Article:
Henry Charles Beeching, ed. (1859–1919). Lyra Sacra: A Book of Religious Verse. 1903.

By John Keble (1792–1866)


HOW welcome, in the sweet still hour,
    Falls on the weary heart,
      Listening apart,
Each rustling note from breeze and bower;
  The mimic rain ’mid poplar leaves,        5
  The mist-drops from the o’erloaded eaves,
  Sighs that the herd half-dreaming heaves,
Or owlet chanting his dim part;
    Or trickling of imprison’d rill
    Heard faintly down some pastoral hill,        10
    His pledge, who rules the froward will
With more than kingly power, with more than wizard art.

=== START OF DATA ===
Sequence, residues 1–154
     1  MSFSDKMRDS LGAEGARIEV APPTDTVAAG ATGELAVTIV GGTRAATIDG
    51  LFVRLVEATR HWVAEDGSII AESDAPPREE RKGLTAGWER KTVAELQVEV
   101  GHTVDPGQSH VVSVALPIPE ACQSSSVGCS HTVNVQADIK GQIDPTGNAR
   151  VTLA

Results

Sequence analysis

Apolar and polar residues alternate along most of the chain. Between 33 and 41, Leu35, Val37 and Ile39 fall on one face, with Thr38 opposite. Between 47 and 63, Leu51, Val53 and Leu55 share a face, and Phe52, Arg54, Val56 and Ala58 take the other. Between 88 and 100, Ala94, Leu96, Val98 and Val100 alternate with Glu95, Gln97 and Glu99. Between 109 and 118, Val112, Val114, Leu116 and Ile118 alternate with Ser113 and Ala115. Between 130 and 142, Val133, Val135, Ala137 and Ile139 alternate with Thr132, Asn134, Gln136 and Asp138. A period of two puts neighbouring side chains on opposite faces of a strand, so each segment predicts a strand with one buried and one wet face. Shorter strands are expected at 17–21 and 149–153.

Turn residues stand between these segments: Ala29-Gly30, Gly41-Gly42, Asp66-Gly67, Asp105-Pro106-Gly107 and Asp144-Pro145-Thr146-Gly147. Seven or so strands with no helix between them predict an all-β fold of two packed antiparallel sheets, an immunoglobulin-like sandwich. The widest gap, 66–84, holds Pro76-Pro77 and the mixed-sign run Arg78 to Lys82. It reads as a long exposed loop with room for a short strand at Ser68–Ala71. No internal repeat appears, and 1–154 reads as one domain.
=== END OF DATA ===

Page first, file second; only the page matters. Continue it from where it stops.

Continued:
But never mourner’s ear so keen
    Watch’d for the soothing sounds
      That walk their rounds        15
  Upon the moonlight air serene,
    As the bright sentinels on high
    Stoop to receive each contrite sigh
    When the hot world hath hurried by,
  And souls have time to feel their wounds.        20
    Nor ever tenderest bosom beat
    So truly to the noiseless feet
    Of shadows that from light clouds fleet,
Where Ocean gently rocks within his summer bounds,
    As saints around the Glory-Throne        25
      To each faint sigh respond
        And yearning fond
    Of penitents that inly moan.